Anishinaabe immersion school looks to expand land-based programming as in-person learning returns
Zoom classes created challenges, opportunities for land-based teaching
Coming in from gym class, a little boy cries in the hall.
"I want my mom and dad."
It's the boy's first day of kindergarten at the Gaagagekiizhik elementary school in Kenora, Ont., and halfway through the day, he's ready to go home.
Seeing him crying there, the school's principal Wendy McPherson doesn't miss a beat, guiding the first-time student into her office.
When they re-appear just moments later, he's holding an eagle feather. Together, the principal and the boy smudge the hallway, then the kindergarten classroom.
"There's a lot of behavioural [problems], so we've done a lot of one-to-one smudging," McPherson explained. "I'll take them into my office, and we'll do that, and it calms them down.
"It's what we do here," she added.
This isn't just any school. It's an Anishinaabe immersion school in Treaty Three, a one-of-a-kind school in the area, according to McPherson.
The school currently has about 84 students from First Nations in the Kenora area, enrolled in Grades JK to Seven, as well as in the high school.
It opened its doors in September 2015 after an elder in Treaty Three dreamt of a school steeped in Anishinaabe culture and language, and the Bimose Tribal Council negotiated with the provincial government to get approval and funding arrangements to open the private school.
The walls of the school are covered with Indigenous art and photos of famous Indigenous actors, politicians and scientists, to inspire students to dream big, principal Wendy McPherson said.
"Education is key for change," she said. "Creating change for our people now, for our elders and then for our future generations to come. That's what we want to be here."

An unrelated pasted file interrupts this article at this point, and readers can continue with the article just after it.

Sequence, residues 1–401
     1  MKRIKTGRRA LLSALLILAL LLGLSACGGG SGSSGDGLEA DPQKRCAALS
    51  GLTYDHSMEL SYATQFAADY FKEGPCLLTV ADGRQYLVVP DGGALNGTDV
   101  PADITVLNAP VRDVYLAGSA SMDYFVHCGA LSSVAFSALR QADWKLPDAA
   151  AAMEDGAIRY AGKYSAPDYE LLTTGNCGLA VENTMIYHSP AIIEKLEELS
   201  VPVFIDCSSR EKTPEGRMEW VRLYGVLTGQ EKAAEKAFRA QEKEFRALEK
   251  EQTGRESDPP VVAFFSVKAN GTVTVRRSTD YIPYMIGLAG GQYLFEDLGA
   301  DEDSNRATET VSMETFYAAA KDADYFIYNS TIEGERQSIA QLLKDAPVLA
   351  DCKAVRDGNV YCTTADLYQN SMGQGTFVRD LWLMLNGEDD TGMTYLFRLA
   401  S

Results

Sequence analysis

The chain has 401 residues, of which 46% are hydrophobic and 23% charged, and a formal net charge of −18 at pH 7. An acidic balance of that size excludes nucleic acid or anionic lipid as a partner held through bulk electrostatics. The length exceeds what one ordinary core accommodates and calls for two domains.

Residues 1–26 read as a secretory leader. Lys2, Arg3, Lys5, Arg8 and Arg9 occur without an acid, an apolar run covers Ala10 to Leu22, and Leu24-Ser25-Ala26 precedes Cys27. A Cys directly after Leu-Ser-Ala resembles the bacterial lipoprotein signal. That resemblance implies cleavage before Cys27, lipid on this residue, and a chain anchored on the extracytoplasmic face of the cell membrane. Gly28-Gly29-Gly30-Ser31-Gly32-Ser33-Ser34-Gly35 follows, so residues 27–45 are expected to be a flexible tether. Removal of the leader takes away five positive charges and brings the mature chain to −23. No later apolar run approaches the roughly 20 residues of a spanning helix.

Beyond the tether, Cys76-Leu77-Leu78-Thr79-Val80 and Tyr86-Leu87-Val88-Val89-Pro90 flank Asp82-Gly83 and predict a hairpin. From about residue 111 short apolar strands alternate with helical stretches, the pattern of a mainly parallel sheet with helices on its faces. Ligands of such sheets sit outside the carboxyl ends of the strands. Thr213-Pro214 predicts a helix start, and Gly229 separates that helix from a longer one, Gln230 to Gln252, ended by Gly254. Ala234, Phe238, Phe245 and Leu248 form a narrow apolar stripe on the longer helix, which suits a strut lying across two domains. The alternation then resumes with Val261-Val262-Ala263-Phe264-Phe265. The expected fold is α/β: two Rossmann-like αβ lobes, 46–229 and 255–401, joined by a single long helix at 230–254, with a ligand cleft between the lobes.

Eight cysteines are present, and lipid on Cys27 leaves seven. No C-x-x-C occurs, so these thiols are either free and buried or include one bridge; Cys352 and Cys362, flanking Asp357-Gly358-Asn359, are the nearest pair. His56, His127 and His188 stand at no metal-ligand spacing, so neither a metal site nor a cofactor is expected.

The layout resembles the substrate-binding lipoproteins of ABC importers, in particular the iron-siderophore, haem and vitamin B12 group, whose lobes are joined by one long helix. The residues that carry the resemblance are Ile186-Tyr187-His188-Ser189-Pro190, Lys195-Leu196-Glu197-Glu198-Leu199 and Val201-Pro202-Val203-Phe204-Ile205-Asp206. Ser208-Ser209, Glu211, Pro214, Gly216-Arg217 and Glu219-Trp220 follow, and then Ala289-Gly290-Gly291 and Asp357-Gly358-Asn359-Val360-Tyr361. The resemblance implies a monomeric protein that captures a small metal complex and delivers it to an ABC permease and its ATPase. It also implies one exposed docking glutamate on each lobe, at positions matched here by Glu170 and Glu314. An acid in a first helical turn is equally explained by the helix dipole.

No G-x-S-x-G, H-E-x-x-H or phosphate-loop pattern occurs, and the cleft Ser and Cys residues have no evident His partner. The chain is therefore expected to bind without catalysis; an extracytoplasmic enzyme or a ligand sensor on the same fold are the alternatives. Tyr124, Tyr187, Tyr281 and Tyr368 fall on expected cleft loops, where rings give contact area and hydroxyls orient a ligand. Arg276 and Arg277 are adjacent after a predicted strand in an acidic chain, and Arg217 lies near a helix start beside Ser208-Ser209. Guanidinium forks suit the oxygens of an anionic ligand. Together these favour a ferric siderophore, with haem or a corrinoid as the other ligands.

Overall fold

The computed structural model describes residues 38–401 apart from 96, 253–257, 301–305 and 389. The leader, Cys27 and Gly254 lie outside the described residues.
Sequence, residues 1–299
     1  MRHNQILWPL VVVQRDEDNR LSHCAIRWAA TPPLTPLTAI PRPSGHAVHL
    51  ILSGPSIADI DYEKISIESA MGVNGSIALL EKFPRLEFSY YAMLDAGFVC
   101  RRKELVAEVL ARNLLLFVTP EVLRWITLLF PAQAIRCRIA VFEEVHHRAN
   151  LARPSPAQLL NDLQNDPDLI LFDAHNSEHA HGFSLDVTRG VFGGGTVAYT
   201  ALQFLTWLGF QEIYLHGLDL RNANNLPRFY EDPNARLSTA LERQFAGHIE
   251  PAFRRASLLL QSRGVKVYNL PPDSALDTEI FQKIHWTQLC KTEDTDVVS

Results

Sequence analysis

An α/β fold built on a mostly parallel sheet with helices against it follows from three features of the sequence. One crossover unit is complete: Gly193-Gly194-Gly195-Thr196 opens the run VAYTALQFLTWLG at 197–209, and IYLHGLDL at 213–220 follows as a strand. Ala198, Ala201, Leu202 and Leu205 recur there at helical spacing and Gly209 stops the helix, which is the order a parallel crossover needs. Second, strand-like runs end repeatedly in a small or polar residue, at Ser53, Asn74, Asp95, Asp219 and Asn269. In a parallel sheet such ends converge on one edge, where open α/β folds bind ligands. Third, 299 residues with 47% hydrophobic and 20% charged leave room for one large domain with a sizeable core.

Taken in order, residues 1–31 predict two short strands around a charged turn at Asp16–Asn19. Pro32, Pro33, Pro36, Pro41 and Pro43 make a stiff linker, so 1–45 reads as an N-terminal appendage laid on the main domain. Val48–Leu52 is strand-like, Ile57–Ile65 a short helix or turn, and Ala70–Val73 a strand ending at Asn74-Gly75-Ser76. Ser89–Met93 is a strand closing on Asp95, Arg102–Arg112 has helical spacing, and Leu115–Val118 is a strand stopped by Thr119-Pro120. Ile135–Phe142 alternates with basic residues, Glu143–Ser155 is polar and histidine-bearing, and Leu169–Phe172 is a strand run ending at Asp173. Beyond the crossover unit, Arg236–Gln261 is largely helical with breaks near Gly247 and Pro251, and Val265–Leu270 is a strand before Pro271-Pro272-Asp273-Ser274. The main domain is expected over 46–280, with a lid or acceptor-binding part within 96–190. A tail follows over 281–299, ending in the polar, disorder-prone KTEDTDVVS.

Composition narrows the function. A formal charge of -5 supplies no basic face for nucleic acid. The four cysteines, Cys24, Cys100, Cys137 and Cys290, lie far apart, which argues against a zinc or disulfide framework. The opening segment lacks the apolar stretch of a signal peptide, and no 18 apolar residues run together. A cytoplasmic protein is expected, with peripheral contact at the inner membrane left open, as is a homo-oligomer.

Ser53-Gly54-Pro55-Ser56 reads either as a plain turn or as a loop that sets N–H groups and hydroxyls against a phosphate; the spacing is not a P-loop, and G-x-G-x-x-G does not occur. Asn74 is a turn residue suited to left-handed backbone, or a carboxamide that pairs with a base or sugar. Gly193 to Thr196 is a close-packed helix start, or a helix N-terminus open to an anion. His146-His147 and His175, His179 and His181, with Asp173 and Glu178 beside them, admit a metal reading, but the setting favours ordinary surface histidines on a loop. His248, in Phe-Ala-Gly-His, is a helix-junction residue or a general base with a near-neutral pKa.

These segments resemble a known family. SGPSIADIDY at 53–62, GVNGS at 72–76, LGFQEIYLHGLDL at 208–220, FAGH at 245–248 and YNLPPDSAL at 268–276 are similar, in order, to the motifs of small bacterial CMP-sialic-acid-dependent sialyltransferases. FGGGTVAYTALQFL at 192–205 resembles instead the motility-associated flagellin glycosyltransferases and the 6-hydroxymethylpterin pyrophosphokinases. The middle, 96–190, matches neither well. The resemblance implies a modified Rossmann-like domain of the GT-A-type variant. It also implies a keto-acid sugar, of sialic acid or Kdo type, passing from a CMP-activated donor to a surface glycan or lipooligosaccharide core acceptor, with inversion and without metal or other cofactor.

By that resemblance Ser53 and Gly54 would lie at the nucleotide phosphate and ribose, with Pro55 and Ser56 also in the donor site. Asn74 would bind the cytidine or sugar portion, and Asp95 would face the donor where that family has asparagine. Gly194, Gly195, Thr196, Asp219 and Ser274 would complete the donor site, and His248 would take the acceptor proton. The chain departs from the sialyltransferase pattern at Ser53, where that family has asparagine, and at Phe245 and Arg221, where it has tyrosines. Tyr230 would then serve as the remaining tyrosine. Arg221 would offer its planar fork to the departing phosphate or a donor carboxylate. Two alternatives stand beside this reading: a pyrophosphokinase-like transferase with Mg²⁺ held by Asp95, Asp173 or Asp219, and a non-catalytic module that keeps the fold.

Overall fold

Lillian Swain of Asubpeeschoseewagong (Grassy Narrows First Nation) is an Anishinaabe language and culture teacher in the school.
Swain spends her days moving throughout the school, teaching verbs in Anishinaabemowin in one classroom, and then harvesting sage in the next.
She said the pandemic forced her, like many teachers around the world, to teach online over Zoom, a platform she had never even heard of.
"Zoom? What are we supposed to do? How do we set this up?" Swain remembered asking.
But she quickly got the hang of it, and even used the platform to her advantage, bringing her students virtually onto the land with her.
"I snared rabbits, so I was able to take the kids out and show them the process of how to snare up rabbit … and when you take the guts out … and then again cooking the rabbit," Swain said, laughing as she remembered seeing parents sitting with their kids to learn from the videos that she created.
Being able to teach children about Anishinaabemowin and their culture means a lot to Swain, who attended residential school as a child.
"When I went there, I wasn't allowed to speak the language. I was punished for speaking my language," she said. "But I was lucky enough where we came home and our parents and our grandparents still spoke to us in the language."
Even in her own teacher training and in her work in other schools, Swain said she often ran into obstacles when she tried to bring culture into the classroom.
"I couldn't do a smudge, like it was a hassle to even do a simple thing like that."
That is not the case here, Swain added.
"The school is right in the middle of the town … and so if parents want their children to learn the language and the culture, this is where they send them."
Principal Wendy McPherson said with a return to in-person learning, the school is focusing on expanding their land-based programming, with more time spent doing activities outside like hide tanning, fishing and drum making.
"Then when they come back, I've asked the teachers to infuse that into their English language arts programming, their social studies programming, their science programming," she said.
"That's how education works in a holistic way."
McPherson added she hopes to see a new building constructed for the school to move into, one that makes it easier to be on the land.
"This is something that I'm working on, and that would include more space and the ability to add a Grade 8 and to expand our high school program."
Listen to the full story on CBC's Superior Morning here: